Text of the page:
While teachers and parents have settled into homeschooling, as a coach, you may be feeling helpless and unsure of how you can support your athletes right now. It might be tempting to simply shut down the team for the season, but there are many ways to keep a team practicing and communicating so that when a return to sport happens, your team comes back stronger than ever.
Here, coaches and experts around the U.S. weigh in on how you can work with your team when in-person practices and games aren’t happening.
Host virtual practices
Sabrina Alimi, a lacrosse coach in New York City, N.Y, is still hosting virtual practices for her high school and youth league teams. There are plenty of easy ways to do this online, from Zoom to Google Hangouts to FaceTime. Her virtual practices don’t involve actual playing, but they’ll be invaluable for the girls when they’re back on the field—so much so that she and the other local coaches have decided to permanently continue hosting virtual practices in place of some in-person sessions, since they’re easier to organize and a great way to dig into smaller skills.
Alimi’s practices include a 10-minute warm-up and then she picks a sport-specific topic to dig into, such as defense, transitions, and team concepts that normally would get broken down on a whiteboard at a practice. Finally, she plays a video of an old game, pausing to talk with players about the tactics being used or what a player might be thinking.
While you may live in an area where it’s easy to get out for a jog, not all your athletes will have the same options. “In NYC, our biggest problem is kids not being able to go outside and practice at all,” says Alimi. “Many kids on my high school team said their parents aren’t even letting them out for walks because of the risk.” If you’re recommending 30-minute runs four times a week, create alternative options for the athletes who can’t get outside to run. The same applies to backyard drills when some athletes live in apartment complexes.
Make sure everyone can participate
Remember that not every athlete will have access to great Wi-Fi, a computer, or even basic sporting equipment at home. You may need to help some team members by rounding up sporting equipment and even sourcing tablets and laptops if possible. Make it easy for athletes to approach you and let you know what they need in order to practice: Sometimes it’s as simple as dropping a soccer ball off at their doorstep, or asking the parents of your team members if anyone has an old smartphone they could loan out.
Create routines and structures
Scott Campsall, lead instructor at the Okami Kai martial arts studio in Ontario, has been offering all of the studio’s normal classes via Zoom, and even though kids are practicing at home, uniforms are still required. “We had them wear their uniforms from day one,” he says. This routine adds to the group dynamic and feeling of connection. If you don’t have a team uniform, ask athletes to show up wearing a certain color t-shirt, or find other ways to create a more team-like atmosphere.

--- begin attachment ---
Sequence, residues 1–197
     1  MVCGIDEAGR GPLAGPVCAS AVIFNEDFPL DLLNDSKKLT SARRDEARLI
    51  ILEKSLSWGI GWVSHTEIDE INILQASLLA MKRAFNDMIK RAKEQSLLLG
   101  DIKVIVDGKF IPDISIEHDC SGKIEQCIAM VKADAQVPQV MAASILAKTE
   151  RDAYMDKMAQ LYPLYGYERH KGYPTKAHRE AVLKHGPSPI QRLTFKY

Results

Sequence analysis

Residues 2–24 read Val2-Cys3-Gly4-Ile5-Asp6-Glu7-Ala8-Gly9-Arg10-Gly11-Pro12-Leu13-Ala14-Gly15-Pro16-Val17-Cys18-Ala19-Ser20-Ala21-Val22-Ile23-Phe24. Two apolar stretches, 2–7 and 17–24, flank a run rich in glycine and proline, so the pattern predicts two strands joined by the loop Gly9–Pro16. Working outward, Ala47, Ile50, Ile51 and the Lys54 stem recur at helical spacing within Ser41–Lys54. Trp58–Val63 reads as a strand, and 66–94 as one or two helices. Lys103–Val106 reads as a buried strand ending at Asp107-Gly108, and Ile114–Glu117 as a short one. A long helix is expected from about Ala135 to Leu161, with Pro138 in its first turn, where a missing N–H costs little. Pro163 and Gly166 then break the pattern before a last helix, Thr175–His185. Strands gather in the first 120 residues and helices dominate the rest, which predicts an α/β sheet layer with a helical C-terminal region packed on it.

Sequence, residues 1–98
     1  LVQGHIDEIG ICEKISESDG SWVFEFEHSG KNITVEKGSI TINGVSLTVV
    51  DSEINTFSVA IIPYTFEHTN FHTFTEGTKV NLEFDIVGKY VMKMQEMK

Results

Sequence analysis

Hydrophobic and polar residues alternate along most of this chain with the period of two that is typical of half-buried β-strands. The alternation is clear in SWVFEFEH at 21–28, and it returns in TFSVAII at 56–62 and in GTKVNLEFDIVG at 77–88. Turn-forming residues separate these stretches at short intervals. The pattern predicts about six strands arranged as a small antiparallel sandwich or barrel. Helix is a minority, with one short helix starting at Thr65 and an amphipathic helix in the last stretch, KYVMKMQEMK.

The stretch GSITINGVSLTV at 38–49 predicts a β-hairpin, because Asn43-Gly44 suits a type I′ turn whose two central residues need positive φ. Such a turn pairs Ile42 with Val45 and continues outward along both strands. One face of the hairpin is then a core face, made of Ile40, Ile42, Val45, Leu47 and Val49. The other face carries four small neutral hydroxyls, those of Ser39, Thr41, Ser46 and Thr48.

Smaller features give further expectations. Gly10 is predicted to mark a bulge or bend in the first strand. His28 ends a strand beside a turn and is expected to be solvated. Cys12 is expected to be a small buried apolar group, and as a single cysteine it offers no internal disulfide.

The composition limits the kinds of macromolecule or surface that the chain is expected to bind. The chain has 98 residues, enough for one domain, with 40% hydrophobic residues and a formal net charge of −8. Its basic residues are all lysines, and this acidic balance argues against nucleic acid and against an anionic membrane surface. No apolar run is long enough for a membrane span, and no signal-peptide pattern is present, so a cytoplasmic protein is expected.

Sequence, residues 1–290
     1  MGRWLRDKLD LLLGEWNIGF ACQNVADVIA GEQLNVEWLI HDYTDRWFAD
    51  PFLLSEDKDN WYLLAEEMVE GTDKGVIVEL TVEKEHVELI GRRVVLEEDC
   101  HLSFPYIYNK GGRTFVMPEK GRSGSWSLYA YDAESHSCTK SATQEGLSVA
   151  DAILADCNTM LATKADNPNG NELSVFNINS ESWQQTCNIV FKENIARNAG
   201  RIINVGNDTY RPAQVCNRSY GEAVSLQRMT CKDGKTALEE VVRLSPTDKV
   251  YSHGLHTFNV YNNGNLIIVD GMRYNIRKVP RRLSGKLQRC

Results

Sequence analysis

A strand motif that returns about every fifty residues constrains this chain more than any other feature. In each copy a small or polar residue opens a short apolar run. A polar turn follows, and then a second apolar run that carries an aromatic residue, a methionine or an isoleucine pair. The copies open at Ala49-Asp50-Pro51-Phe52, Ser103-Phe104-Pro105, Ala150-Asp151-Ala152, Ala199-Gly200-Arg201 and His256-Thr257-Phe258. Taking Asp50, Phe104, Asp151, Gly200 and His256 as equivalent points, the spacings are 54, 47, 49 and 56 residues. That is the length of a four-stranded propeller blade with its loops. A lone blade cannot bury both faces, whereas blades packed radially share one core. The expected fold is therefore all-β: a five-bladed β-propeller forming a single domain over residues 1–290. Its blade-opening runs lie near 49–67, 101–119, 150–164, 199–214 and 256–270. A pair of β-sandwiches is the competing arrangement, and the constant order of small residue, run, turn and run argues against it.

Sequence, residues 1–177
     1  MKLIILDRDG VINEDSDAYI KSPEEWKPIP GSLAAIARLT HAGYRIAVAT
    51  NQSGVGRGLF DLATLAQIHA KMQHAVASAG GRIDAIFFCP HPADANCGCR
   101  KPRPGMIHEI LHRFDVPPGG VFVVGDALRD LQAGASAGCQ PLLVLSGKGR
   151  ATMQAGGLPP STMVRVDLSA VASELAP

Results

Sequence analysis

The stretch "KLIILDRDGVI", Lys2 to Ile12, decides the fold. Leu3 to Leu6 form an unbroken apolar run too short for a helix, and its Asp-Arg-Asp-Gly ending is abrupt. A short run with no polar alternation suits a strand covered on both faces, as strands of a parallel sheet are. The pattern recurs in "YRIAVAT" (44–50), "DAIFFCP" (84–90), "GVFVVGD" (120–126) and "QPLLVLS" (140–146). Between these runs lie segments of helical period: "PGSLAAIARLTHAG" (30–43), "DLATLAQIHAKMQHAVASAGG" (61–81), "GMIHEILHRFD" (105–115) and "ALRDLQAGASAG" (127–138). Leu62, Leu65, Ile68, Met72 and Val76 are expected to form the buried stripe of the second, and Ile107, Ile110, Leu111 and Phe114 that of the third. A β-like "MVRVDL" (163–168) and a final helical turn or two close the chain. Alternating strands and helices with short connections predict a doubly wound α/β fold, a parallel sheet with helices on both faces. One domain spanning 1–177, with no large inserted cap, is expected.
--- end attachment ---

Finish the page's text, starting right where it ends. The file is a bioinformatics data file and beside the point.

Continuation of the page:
Focus on previously underserved skills
This is a great chance to think about what skills often get ignored during a busy season. For example, most soccer practices focus on basic game play. But there are plenty of smaller skills around ball handling that can be practiced in a living room. And on the other side of the spectrum, there are strength and conditioning gains that can be made by having athletes incorporate new activities into their weekly routines.
Tristan Wenzig, a hockey coach in Pittsburgh, Pennsylvania, says that while his athletes normally only train on ice, the dry land training that they’re being forced to do will actually benefit them. “This is also the best time to work on stick handling, using a golf ball instead of a puck,” he says. “It builds your hand-eye coordination really fast!”
Let kids make their own decisions
Not everyone is going to want to participate and that’s fine right now, says Nadia Kyba, MSW, TrueSport Expert and President of Now What Facilitation. Don’t pressure athletes to participate in every session. Simply encourage any type of movement to keep them healthy – physically and mentally – until sports return.
“Literally any time moving is better than no time,” says researcher and clinical social worker Kathleen McIntyre. She recently headed a new study that showed regular exercise alleviates feelings of depression and anger.
Just because you can’t be face-to-face with your athletes doesn’t mean that you can’t continue to support their wellbeing and the future success of your team. These strategies will help ensure that your athletes are physically and mentally healthy when it’s time to return to sport.
TrueSport®, a movement powered by the experience and values of the U.S. Anti-Doping Agency, champions the positive values and life lessons learned through youth sport. TrueSport® inspires athletes, coaches, parents, and administrators to change the culture of youth sport through active engagement and thoughtful curriculum based on cornerstone lessons of sportsmanship, character-building, and clean and healthy performance, by creating leaders across communities through sport.